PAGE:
• A Personal Adviser, if the child is over the age of 16;
  • An Independent Visitor/Advocate, if involved;
  • If required, an interpreter;
  • Any other person with a legitimate interest in the child e.g. health care professional, GP, a representative from the Local Authority in whose area it is proposed that the child will be placed; (Such attendance should always be discussed with the child before invitations are made and his/her views obtained);
  • The officer with lead responsibility for implementing the authority's duty to promote the educational achievement of its looked after children.
A balance must be struck in relation to who the child wishes to be present and the need for information and input from the professionals and family members involved. Efforts should be made to keep the number present at the review as small as possible. It may be appropriate for information to be provided in writing or at a separate meeting where the contribution is strictly factual.

Children and parents should also be informed that they can arrange to see the IRO separately if they wish or bring a supporter or interpreter to the review.

Where the child does not wish to attend the review, the IRO must at the very least speak to the child before the review - wherever possible in a face to face meeting.

The child's social worker must ensure that children and families have been given information about the Complaints Procedure. They should provide the child with details of independent advocacy services who may provide support if the child requires it.

See Section 7, Supporters and Interpreters.

A decision not to invite a child, parent(s) or person(s) with parental responsibility to a review should only be made in exceptional circumstances and must be made in consultation with the IRO, prior to the review. The decision should be recorded, together with reasons, on the review document and child's record.

There may be exceptional circumstances where the child's social worker, in consultation with the IRO decides that the attendance of the carer at all or part of the review meeting will not be appropriate or practicable. Where this is the case, a written explanation of the reasons should be given and other arrangements made for the carer to contribute to the review process. Details of the reasons why a carer is excluded and a record of their input should be placed on the child's case record.

Where any other invited person cannot attend, the IRO may agree that a delegate attend instead.

6. The Role of the Social Worker

The child's social worker must discuss the purpose of the review with the child, parents and carers and consult the child about invitations at least 20 working days before the review meeting.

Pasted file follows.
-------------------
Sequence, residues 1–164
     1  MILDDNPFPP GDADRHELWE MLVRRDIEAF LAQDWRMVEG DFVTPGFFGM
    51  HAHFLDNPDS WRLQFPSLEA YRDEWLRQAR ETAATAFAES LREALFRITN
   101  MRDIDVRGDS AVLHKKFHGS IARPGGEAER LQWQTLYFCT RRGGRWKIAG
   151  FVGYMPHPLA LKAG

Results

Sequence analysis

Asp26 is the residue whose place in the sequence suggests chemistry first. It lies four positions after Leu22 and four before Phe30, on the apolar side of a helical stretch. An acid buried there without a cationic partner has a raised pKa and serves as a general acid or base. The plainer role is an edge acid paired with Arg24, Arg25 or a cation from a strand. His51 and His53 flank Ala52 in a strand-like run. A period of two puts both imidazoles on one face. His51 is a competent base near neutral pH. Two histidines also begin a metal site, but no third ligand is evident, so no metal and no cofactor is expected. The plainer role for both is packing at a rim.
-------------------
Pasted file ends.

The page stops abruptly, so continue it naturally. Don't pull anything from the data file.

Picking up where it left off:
Where the child wishes to chair his or her own review, the social worker should inform the IRO.

In all cases, the child, parent(s) and person(s) with parental responsibility should be encouraged and supported by the social worker to prepare for the review in writing or other ways if they wish. For example by arranging to see the IRO separately. The social worker should agree with the IRO how this will be achieved. This requires early consultation between the social worker and the IRO and should be part of a thorough preparation of all the key issues for the review.

The child's social worker must also ensure the child's IRO is kept informed of any significant changes in the child's circumstances and the outcomes of any other meetings held as part of the review process, which consider aspects of the child's Care Plan. In addition, the social worker must notify the IRO if he or she believes that decisions made at a review are no longer appropriate because of a change in circumstances.

Where the child has been or is the subject of court proceedings, the social worker should ensure the IRO has clear information of the child's legal status and the court timetable.

Prior to the review, the social worker must ensure the child's records and plans are up to date, for example, that they include records of the placement visits and the last date when the child's sleeping accommodation was seen. Any changes in household membership need to be clearly recorded.

The social worker must complete the following documents 3 working days before an Initial Review and 5 working days before a subsequent review:

  • Child / Young Person's Looked After Children's Review Pre-Meeting Report;
  • Care Plan or Pathway Plan.

Copies of these documents should be provided by the social worker for all review participants.

In addition, the child's social worker should provide the following documents to the IRO:

  • All completed consultation documents (the social worker is responsible for sending these to the carers and family members as appropriate and completing them in person with the child);
  • Health Care Plan;
  • Personal Education Plan;
  • Any other relevant reports by professionals.